Sometimes every fiber in your being is telling you to do something that is the wrong decision for you. Perhaps your emotions are in turmoil and are pointing you in the wrong direction. That can happen when anger takes over and the only response you see is to react and go on the offensive. Maybe you find yourself in a state of fear. Although you know you need to face a particular challenge, all you can do is avoid what must be done.
For the alcoholic, drug or food addict it gets even more complicated. When faced with emotional stress, we often react by wanting to return to our drug of choice to soothe ourselves. Or, we justify reacting in fear, anger or another emotion by saying, “well at least I’m not drinking or drugging”.
When these types of situations occur, we need to remember that we have sober feet. Even if every part of you wants to react improperly, just let your feet do the walking. Let them walk over to the phone to call another member from the fellowship. You might even walk a little bit further and make it to a meeting. Sometimes, you just need to walk away from a challenging life situation and then pray and meditate on what has occurred and how you should react.
Personal Reflection: How do I utilize my sober feet?
As we were growing up, we were not issued a manual on how to navigate this life. Many feelings arose for us on a daily basis. Although some were positive, many were not. All those feelings of fear, anger, shame, jealousy, envy and pride hobbled our ability to function on a daily basis. We suffered greatly because of it. Then one day, we discovered alcohol, drugs or food. As soon as we ingested our drug of choice, all of the pain we suffered from lifted. At least for a short while we had a respite. The problem was that a short respite was not enough and we increased our usage. Before we knew it, we couldn’t even identify what a feeling was. We walked around in a coma like state; one day aimlessly following another.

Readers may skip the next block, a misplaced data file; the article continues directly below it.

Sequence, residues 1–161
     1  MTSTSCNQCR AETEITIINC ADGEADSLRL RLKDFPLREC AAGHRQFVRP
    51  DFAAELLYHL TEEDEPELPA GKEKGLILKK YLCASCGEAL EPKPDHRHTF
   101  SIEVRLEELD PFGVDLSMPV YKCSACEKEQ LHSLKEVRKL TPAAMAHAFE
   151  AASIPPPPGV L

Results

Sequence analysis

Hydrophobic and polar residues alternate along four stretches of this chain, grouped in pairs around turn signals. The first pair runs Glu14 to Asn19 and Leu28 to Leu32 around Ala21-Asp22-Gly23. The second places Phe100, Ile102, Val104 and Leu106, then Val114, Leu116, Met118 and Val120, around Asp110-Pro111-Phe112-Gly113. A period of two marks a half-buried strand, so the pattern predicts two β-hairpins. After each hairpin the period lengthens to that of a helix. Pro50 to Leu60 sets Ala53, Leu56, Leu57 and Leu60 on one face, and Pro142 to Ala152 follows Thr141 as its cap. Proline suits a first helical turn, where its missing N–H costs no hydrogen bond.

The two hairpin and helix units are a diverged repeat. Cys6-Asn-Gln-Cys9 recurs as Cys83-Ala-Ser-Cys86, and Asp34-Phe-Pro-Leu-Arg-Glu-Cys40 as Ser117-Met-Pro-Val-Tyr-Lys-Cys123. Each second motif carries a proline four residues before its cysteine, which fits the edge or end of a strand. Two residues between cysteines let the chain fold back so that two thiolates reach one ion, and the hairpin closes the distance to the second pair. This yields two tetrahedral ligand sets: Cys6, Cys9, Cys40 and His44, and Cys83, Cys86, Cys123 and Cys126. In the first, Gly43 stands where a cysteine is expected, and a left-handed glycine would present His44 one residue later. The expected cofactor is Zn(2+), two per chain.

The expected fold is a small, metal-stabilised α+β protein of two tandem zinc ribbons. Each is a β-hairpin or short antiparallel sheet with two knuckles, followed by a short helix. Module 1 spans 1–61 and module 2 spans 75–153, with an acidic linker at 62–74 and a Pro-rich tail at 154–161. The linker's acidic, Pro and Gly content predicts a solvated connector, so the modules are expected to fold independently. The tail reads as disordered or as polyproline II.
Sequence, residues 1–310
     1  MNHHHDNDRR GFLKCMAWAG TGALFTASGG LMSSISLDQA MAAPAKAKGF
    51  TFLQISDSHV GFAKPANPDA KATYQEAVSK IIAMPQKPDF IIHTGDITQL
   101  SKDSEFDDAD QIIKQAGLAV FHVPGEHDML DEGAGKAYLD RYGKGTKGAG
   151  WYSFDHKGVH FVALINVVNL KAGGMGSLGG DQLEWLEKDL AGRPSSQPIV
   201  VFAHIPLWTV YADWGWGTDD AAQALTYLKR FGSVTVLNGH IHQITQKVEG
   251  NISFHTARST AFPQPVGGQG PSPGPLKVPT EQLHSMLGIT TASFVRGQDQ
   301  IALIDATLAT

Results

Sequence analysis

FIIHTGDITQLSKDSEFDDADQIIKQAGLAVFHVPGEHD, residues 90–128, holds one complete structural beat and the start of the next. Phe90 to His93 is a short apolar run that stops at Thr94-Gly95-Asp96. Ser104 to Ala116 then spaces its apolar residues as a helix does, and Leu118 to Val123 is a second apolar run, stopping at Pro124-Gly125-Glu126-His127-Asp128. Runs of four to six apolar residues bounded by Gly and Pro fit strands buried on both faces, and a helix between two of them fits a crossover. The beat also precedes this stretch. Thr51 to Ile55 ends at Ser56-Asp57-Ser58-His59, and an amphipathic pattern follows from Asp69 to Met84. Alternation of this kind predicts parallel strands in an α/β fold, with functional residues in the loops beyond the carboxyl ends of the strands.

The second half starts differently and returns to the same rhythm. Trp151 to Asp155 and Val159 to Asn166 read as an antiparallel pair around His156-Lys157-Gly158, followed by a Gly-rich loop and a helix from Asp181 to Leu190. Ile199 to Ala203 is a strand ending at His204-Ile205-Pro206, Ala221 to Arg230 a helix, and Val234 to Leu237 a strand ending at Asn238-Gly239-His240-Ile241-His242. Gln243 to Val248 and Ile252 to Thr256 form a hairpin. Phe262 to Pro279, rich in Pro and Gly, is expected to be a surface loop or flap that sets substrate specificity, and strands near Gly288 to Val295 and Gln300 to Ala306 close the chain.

At some point we were able to put down our substance. Within a short period of time, we began to truly feel alive once again. Shortly thereafter all of those old troubling feelings came flooding back as well. This time we didn’t run away from all of those feelings. With tools garnered from our 12 step program we were able to deal with life issues without turning to substances. We had learned the meaning of living life on life’s terms.
Personal Reflection: How do I deal with feelings today?
Alcohol, drugs and food were like a light switch for us. As long as we stayed away from our drug of choice, we often appeared to be quite well adjusted to those around us. Once we took that first drink or drug, then all bets were off. That switch was turned on, and everything changed. Perhaps initially we became the life of the party or felt at ease in social situations. For many of us, that light switch also unleashed a lot of pent up feelings we had been carrying around. In particular, we tapped into a mother lode of anger and resentment. These were feelings that we had often carried for a long time without having addressed them.
Perhaps abstaining from our drug of choice removed the trigger for our anger. It didn’t take long however for us to discover that all of those feelings of anger and resentment were only just below the surface. Now almost any life situation could trigger us into some kind of emotional tirade. Left unaddressed, these feelings would eventually lead us to taking that first drink or drug. That’s why it was imperative for us to begin to address all of those feelings of rage and anger. We made it our business to tap into the fellowship for assistance. We also asked our Higher Power to remove our reactivity to the vicissitudes of life.
Personal Reflection: Is anger still my master?